The Desktop Collection features more vibrant colors associated with the computer-generated imagery, but also has more pronounced aliasing that is inherent to this style of animation, especially early work such as this. Color fidelity is good, blacks are strong, and sharpness is adequate. Widescreen owners will note that the image on the extreme right of Change Myself is not fully rendered, leaving a strip with no color information, and a number of anomalies. This is definitely eye candy, and is well presented.

Image Transfer Grade: B

 

Audio Transfer

 LanguageRemote Access
DS 2.0Englishno


Audio Transfer Review: Audio for both features is in stereo. The 2nd Wind Live Recording Sessions are sourced from the raw taped tracks, which do not have the sweetening and production flourishes that the finished record does. The sound is therefore flatter than might be expected, but does have a good deal of channel separation making it easy to discern what each instrument and voice is playing. No technical deficiencies were noted here.

The Desktop Collection uses final album mixes, with a more polished presentation as evidenced by the opening Change Myself, which is featured in both programs. Tonal range is natural, though bass extension is a little weak, which is not surprising considering Rundgren's production style. Make sure to watch these in stereo mode for the best separation.

Audio Transfer Grade: B+

 

Disc Extras

Static menu
Music/Song Access with 18 cues and remote access
Packaging: EastPack
1 Disc
1-Sided disc(s)
Layers: single

Extras Review: In a bit of a blast from the past, included is a 3m:28s interview with Todd discussing the benefits of the now defunct CD-I, the interactive CD format he used on his No World Order album, which allowed the listener to reprogram the content based on a variety of parameters. The video source for this is a bit dark, and there is distinct preecho on the audio track, but it does give some insight into Todd's view of music for the modern age, where not only does the audience listen to the music, but the music listens to the audience.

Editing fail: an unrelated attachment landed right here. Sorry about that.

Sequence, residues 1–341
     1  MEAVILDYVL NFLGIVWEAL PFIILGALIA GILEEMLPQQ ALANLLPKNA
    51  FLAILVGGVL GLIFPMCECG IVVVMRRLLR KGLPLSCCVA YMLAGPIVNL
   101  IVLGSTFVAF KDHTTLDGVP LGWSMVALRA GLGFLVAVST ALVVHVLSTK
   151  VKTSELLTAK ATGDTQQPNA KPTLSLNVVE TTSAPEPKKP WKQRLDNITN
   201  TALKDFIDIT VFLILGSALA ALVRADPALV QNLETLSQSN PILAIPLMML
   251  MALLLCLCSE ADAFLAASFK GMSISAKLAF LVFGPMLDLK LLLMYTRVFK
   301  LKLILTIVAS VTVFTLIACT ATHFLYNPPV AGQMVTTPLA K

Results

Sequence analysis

Extras Grade: D+

 

Final Comments

Whether you are a fan of his work or not, it is hard to imagine the face of the modern video generation without the influence of Todd Rundgren. In almost every facet of the music industry, the effect of his adventures with technology, from his first solo recording projects, to experimenting with multimedia, satellite broadcast and interactivity, Rundgren has been involved to some extent in all of it. The 2nd Wind Live Recording Sessions presents the artist in a live context while recording an album, while The Desktop Collection demonstrates some of his work in the video realm utilizing then state-of-the-art computer editing and 3D imaging. This set allows an intimate look behind the scenes of one of the world's most prolific and influential recording artists.